Being ‘the man’ in Minnesota will be nothing new for Wiggins

Andrew Wiggins has been in the public spotlight as a basketball star for most of his life.

Jack Arent/NBAE/Getty Images

MINNEAPOLIS — Without an iota of allegory, Andrew Wiggins was born for this.

The pedigree is there. So is the personal history, both measurable and immeasurable. From one fishbowl to the next, the impending Timberwolves trade acquisition’s star power has been high on exposure but not on shock value.

There’s a reason Wiggins, the No. 1 overall pick in this year’s draft set to be swapped for Kevin Love on Saturday, didn’t declare an academic major at the University of Kansas. Since early on, his field of study has been basketball, flashy gymnasiums around the continent his classroom.

"There’s no way he’s LeBron or Kobe," Jayhawks coach Bill Self told leading up to the draft, "but he’s the first Andrew."

The first Andrew can officially join Minnesota’s post-Love restocking effort Saturday, 30 days from when he signed his rookie deal with Cleveland, the team that picked him first in a deep, talented draft class. The hype surrounding his name stems from his ultra-elite athleticism, ravenous defense and a natural ability far beyond his 19 years of age.

The trail of evidence for it is hardly hidden.


Wiggins was born Feb. 23, 1995 to a former NBA player and an Olympic track performer. His father, Mitchell, played college hoops at Florida State and spent time with the Bulls, Rockets and 76ers off and on from 1983-92. Mitchell’s wife, Marita, was also a Seminole before representing Canada at the 1984 and 1988 Olympic Games.

Perhaps the only possible deterrent to Wiggins’ love for basketball was growing up in a country where hockey reigns supreme. But his two brothers, Mitchell Jr. and Nick, took care of that with contentious pickup games in Toronto area parks, sometimes with their dad in the mix. The younger Mitchell played for NAIA Division II Southeastern University, while Andrew’s other older brother Nick just wrapped up his career at Wichita State and played for Sacramento’s summer league team last month.

"That’s what prepared me, them beating up on me and not taking it easy on me," Wiggins said in a March article.

By the time he reached Huntington Prep (W. Va.) High School, Wiggins was well on his way to becoming one of the most sought-after amateur basketball  prospects the world has seen. Every imaginable recruiting service ranked him the best in the land. As a junior, he earned the Naismith, Gatorade and USA Today prep player of the year honors.

Balancing his stardom between interscholastic competition and AAU exposure, Wiggins only spent three years at the high school powerhouse, which also produced Wolves center Gorgui Dieng. Wiggins played AAU ball among the likes of Tyler Ennis, Tristan Thompson, former Gophers forward Mo Walker and Anthony Bennett — who will join Wiggins in the Love trade but is expected to be dealt to Philadelphia for Thaddeus Young — for CIA Bounce.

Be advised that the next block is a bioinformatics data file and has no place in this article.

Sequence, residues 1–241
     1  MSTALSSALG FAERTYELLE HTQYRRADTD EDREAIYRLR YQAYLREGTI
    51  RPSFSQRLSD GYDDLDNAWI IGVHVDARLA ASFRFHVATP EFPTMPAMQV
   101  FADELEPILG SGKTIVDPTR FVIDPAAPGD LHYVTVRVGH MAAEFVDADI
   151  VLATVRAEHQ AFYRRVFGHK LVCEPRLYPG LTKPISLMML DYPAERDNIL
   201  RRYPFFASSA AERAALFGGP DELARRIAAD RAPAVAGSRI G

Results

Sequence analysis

So when the McDonald’s All-American chose Kansas over Kentucky, Florida State and North Carolina, Wiggins was no stranger to colossal expectations and immense hype.

But Lawrence, Kan., is a different kind of autoclave.

In one of the country’s most passionate college hoops hotbeds, there’s little room for individual legacy. Wilt Chamberlain, Paul Pierce, Danny Manning, Mario Chalmers, Ben McLemore, etc. — all are part of a greater whole that comprises the Jayhawks’ rich hoops tradition.

Just ask Minnesota general manager Milt Newton, who played alongside Manning on the 1988 "Danny and the Miracles" championship team coached by legendary Larry Brown.

In less than a calendar year, current coach Bill Self went from hinting that Wiggins was overrated — "He’s not a great player right now, he’s a great prospect," he said at the team’s media day last fall — to referring to him as one of the two greatest players he’s ever coached, the other being fellow 2014 top-3 pick Joel Embiid. During the Jayhawks’ Big 12 regular-season championship and third-round NCAA tourney run, Wiggins set the school’s single-season freshman scoring record and led the Jayhawks in steals.

Feb. 4, he hit a half-court shot against Baylor. Feb. 18, a game-winner at Texas Tech. March 8, a Kansas freshman-record 42 points at West Virginia.

It all solidified his season-long stance as a potential No. 1 overall pick, especially after Embiid suffered a foot injury that caused his stock to drop. Cleveland, meanwhile, inexplicably won the draft lottery for the second consecutive year and called Wiggins’ name right away June 26.

But LeBron James’ return to his home state sparked mutual interest from the Wolves and Cavs in sending Love, who can opt out of his contract after this season, to Cleveland. Minnesota president Flip Saunders insisted Wiggins be part of the package, and Cleveland eventually yielded.

The deal can’t be consummated until Saturday, per NBA trade rules, but all signs point toward Wiggins coming to the Twin Cities.

The spotlight will remain affixed in his direction, though for different reasons than he originally expected. Instead of developing behind James on a championship contender, he’ll become the emerging face of a franchise that hasn’t even reached the postseason in a decade.

But that’s fine with him, Self said recently.

"When all this trade stuff started, I talked to Andrew and Andrew told me, ‘I hope I get traded,’" Self told the Associated Press earlier this month. "And I’m like, ‘No, you don’t.’ And he said, ‘Coach, I do. It’s better for me, knowing my personality and what I need to do, to go somewhere where I’m forced to be something as opposed to going in there where they’re going to be patient with me and I’m going to be a piece.’"

Wiggins won’t be a piece in Minnesota. He’ll be the piece.

But that’s nothing new.

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